First we investigated the effect of stress on the extracellular protein production of all 13 LAB separately. We revealed that this extracellular production varied between species and genera, and that different microbial stressors had varying effects. These putative proteins may have links with the LAB survival in their niche possibly in attachment or as antimicrobials. Secondly, we investigated some characteristics of the LAB and discovered a link between the therapeutic effect of honey and these symbionts. We identified a myriad of bioactive substances that the LAB produce and had broad-spectrum antimicrobial activity against human pathogens including antibiotic resistant species. The effect varied between species, but all 13 LAB combined were the most effective. Finally we investigated the antimicrobial effect the LAB symbionts had together in a standardized concentration with heather honey, in vitro against human and animal pathogens, and in vivo in two pilot studies. We showed once again the LAB formulation had broad-spectrum activity when combined. When applied to chronic wounds on horses and finally on humans, we saw in both cases remarkable results towards wound healing. Bacterial diversity was also investigated and we observed that the wounds were polymicrobial in nature and bacterial diversity varied between subjects, but there were a number of genera that are readily identified throughout the majority of samples. This thesis studies the hypothesis of a novel LAB microbiota as an alternative tool in wound management and provides knowledge about these symbionts’ therapeutic and antimicrobial characteristics in vitro and in vivo. It contributes to an understanding of how interdisciplinary research can proceed starting from basic knowledge to medical applications. In conclusion, further work, including more in vitro experiments and controlled clinical trials, could in a future perspective establish these LAB symbionts as an alternative to antibiotics in wound treatment, and possibly other infections. (Less)
Please use this url to cite or link to this publication:
author
supervisor
opponent
  • Professor Vandamme, Peter, University of Ghent
organization
publishing date
type
Thesis
publication status
published
subject
keywords
wound management, honey, extracellular proteins, bioactive substances, honeybee, Lactic acid bacteria
in
Lund University Faculty of Medicine Doctoral Dissertation Series
volume
2015:130
pages
96 pages
publisher
Division of Medical Microbiology, Lund University
defense location
Lecture Hall, Medicon Village, Lund
defense date
2015-12-04 08:30
ISSN
1652-8220
ISBN
978-91-7619-210-8
language
English
LU publication?
yes
id
bf695319-cae4-45d9-b138-57296c7ab65c (old id 8170632)
date added to LUP
2015-11-16 15:58:11
date last changed
2016-09-19 08:44:52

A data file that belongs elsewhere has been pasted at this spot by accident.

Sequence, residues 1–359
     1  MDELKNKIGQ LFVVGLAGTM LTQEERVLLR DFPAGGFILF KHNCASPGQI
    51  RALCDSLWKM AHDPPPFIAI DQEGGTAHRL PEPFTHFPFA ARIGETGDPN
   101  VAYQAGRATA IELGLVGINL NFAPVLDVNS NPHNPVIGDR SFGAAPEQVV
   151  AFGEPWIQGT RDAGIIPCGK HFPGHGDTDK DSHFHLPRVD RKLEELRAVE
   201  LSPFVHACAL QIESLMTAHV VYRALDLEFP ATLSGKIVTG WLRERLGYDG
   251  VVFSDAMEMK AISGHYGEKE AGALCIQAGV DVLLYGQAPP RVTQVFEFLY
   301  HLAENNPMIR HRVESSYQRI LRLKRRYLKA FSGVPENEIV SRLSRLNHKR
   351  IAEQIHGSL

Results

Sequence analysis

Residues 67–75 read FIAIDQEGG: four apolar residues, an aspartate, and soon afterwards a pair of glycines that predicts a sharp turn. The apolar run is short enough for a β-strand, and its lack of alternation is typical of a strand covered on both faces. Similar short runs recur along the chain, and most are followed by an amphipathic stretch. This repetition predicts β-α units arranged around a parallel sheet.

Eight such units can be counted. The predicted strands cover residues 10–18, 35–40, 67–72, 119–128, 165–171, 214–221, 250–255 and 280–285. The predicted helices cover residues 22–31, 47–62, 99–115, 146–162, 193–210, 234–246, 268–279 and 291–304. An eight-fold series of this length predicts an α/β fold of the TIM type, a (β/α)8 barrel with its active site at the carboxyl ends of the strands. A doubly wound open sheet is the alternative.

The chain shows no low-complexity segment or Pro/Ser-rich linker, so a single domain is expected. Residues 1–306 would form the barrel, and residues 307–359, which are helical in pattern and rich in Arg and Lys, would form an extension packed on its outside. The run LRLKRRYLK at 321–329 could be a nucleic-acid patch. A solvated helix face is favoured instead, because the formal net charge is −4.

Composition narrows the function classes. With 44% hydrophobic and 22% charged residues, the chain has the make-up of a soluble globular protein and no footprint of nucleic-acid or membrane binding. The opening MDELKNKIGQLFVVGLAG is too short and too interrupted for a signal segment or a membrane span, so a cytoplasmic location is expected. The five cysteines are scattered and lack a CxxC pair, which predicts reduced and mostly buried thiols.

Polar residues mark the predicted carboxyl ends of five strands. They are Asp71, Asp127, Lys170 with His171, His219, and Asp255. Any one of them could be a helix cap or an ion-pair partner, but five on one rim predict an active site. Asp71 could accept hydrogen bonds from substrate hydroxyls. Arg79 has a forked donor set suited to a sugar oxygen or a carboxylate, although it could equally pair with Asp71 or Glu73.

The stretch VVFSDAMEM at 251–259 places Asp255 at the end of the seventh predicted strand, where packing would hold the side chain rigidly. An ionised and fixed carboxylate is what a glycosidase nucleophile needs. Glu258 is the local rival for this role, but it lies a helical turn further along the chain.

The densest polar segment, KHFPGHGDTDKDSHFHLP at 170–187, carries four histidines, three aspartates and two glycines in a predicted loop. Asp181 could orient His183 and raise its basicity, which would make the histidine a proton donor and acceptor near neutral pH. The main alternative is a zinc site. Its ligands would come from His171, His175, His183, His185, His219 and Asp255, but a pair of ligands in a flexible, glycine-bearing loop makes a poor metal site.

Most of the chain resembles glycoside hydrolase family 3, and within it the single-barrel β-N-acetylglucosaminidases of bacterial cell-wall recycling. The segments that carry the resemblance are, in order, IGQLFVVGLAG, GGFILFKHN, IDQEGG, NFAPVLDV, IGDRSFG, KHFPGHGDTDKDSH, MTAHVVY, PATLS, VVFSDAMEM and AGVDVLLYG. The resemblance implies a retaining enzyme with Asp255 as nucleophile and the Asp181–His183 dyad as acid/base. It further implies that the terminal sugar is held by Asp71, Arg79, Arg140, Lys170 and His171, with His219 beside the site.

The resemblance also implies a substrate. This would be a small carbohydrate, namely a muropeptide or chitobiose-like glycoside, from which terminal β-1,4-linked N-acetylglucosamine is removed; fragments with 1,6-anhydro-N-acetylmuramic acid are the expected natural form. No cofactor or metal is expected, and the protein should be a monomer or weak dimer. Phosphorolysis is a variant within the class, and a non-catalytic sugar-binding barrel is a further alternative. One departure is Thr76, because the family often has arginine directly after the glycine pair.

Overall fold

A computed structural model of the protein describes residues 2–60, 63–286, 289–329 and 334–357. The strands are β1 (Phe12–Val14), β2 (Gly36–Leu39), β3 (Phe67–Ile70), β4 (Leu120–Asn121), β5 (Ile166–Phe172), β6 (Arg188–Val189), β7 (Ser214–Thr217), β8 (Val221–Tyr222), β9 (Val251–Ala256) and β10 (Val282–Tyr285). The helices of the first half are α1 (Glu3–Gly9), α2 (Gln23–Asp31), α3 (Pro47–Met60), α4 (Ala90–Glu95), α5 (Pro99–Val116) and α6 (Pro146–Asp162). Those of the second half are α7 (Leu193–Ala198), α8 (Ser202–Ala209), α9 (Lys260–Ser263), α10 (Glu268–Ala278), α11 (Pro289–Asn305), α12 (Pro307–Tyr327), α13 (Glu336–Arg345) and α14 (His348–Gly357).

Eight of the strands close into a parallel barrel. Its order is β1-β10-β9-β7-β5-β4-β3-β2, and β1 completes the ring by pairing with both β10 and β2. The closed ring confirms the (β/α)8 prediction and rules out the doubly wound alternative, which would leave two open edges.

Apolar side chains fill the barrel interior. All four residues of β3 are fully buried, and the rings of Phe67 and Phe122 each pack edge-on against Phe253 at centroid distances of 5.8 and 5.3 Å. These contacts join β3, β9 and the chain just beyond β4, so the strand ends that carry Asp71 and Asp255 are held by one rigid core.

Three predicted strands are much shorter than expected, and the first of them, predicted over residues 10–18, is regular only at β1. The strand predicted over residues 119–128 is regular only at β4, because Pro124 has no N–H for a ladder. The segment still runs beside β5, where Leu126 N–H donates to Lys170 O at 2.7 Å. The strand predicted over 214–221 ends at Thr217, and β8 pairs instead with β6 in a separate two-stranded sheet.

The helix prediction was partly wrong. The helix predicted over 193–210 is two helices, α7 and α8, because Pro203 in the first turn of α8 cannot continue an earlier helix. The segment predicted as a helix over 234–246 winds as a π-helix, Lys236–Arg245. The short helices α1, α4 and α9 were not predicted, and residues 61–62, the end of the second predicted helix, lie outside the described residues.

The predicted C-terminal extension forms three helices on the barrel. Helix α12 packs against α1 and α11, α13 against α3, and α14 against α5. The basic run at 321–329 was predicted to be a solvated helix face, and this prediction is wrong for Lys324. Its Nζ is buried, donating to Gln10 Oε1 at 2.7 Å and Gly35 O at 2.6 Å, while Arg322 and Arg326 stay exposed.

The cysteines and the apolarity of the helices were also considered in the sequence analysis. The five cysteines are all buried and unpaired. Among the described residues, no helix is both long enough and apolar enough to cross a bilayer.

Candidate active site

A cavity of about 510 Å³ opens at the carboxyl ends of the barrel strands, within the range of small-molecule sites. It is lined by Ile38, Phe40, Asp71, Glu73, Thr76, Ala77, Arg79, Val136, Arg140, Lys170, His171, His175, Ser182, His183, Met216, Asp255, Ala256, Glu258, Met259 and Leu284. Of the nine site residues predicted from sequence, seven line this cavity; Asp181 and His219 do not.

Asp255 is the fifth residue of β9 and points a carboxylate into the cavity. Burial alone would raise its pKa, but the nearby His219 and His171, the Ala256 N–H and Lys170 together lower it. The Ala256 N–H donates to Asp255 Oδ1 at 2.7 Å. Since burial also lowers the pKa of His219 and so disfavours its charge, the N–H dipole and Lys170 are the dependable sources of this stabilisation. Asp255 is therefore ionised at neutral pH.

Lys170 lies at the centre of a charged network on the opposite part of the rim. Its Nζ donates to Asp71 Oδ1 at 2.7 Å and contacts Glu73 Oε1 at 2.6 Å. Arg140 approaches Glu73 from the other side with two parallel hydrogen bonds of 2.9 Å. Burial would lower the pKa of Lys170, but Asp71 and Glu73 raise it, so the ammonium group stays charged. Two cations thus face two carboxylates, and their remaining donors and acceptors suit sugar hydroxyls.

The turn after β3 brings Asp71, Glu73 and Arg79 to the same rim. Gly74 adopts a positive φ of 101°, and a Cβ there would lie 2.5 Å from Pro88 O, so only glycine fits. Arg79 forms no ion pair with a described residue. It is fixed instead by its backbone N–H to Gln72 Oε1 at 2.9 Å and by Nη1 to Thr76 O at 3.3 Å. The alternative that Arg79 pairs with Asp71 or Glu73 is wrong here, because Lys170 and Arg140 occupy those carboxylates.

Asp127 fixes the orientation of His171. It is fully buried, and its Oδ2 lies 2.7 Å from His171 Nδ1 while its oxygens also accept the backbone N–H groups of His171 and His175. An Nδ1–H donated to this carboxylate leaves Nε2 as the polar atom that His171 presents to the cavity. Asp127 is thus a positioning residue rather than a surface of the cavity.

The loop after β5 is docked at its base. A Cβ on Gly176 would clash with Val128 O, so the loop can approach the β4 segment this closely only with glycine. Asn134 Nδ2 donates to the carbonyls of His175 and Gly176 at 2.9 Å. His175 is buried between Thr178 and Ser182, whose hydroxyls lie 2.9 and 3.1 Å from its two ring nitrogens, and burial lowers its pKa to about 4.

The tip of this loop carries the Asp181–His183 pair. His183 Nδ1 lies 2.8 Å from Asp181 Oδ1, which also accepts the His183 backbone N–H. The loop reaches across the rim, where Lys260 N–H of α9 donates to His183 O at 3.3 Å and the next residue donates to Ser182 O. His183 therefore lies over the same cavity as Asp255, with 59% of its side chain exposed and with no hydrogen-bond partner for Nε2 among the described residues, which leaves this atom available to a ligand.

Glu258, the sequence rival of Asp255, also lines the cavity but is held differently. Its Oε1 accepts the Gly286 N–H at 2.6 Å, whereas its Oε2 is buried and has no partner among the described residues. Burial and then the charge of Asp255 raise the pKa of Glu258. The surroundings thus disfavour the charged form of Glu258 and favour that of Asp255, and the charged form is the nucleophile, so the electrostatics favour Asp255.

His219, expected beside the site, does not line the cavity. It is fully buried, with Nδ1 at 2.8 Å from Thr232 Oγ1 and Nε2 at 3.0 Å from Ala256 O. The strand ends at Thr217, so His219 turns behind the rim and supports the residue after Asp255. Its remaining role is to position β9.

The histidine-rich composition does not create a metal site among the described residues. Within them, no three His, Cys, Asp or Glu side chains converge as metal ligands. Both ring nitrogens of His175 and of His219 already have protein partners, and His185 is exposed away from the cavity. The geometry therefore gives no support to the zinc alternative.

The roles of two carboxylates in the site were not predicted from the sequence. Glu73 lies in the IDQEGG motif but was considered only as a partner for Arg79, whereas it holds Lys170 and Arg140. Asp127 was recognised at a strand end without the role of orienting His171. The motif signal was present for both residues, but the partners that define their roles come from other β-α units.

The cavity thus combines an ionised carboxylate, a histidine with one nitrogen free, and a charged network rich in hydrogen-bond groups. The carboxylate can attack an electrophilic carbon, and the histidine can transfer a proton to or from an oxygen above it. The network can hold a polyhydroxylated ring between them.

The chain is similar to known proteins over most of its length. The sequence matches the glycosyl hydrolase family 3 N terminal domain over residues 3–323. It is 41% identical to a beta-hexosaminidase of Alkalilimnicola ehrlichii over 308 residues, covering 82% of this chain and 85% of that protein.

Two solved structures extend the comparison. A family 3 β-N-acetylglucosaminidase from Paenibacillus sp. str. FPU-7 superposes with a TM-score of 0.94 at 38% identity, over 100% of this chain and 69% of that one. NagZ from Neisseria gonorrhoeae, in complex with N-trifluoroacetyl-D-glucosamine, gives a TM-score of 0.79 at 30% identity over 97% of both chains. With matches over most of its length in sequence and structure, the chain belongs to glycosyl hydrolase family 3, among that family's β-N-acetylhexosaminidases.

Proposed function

@phdthesis{bf695319-cae4-45d9-b138-57296c7ab65c,
  abstract     = {Antibiotic resistance is now a large threat with worldwide agreement that we will fall into a post-antibiotic era unless there is suitable treatment alternatives discovered. In recent years, chronic wounds have become a major burden on society and treatment is complicated. Honey has been widely used as a topical treatment for wounds yet there is much discourse between studies examining its effect and still some of its antimicrobial effect has not been characterized. In this thesis we investigate some characteristics of 13 novel Lactic acid bacterial (LAB) symbionts originating from the honey stomach of the western honeybee. The LABs involvement in honey production and their antimicrobial action against many environmental bacteria and yeasts hypothesizes that these LAB symbionts may be a good alternative to antibiotics for the topical treatment of chronic wounds. <br/><br>
First we investigated the effect of stress on the extracellular protein production of all 13 LAB separately. We revealed that this extracellular production varied between species and genera, and that different microbial stressors had varying effects. These putative proteins may have links with the LAB survival in their niche possibly in attachment or as antimicrobials. Secondly, we investigated some characteristics of the LAB and discovered a link between the therapeutic effect of honey and these symbionts. We identified a myriad of bioactive substances that the LAB produce and had broad-spectrum antimicrobial activity against human pathogens including antibiotic resistant species. The effect varied between species, but all 13 LAB combined were the most effective. Finally we investigated the antimicrobial effect the LAB symbionts had together in a standardized concentration with heather honey, in vitro against human and animal pathogens, and in vivo in two pilot studies. We showed once again the LAB formulation had broad-spectrum activity when combined. When applied to chronic wounds on horses and finally on humans, we saw in both cases remarkable results towards wound healing. Bacterial diversity was also investigated and we observed that the wounds were polymicrobial in nature and bacterial diversity varied between subjects, but there were a number of genera that are readily identified throughout the majority of samples. This thesis studies the hypothesis of a novel LAB microbiota as an alternative tool in wound management and provides knowledge about these symbionts’ therapeutic and antimicrobial characteristics in vitro and in vivo. It contributes to an understanding of how interdisciplinary research can proceed starting from basic knowledge to medical applications. In conclusion, further work, including more in vitro experiments and controlled clinical trials, could in a future perspective establish these LAB symbionts as an alternative to antibiotics in wound treatment, and possibly other infections.},
  author       = {Butler, Éile},
  isbn         = {978-91-7619-210-8},
  issn         = {1652-8220},
  keyword      = {wound management,honey,extracellular proteins,bioactive substances,honeybee,Lactic acid bacteria},
  language     = {eng},
  pages        = {96},
  publisher    = {Division of Medical Microbiology, Lund University},
  school       = {Lund University},
  series       = {Lund University Faculty of Medicine Doctoral Dissertation Series},
  title        = {Lactic acid bacterial symbionts from the honeybee: Characteristics and applications in wound management},
  volume       = {2015:130},
  year         = {2015},
}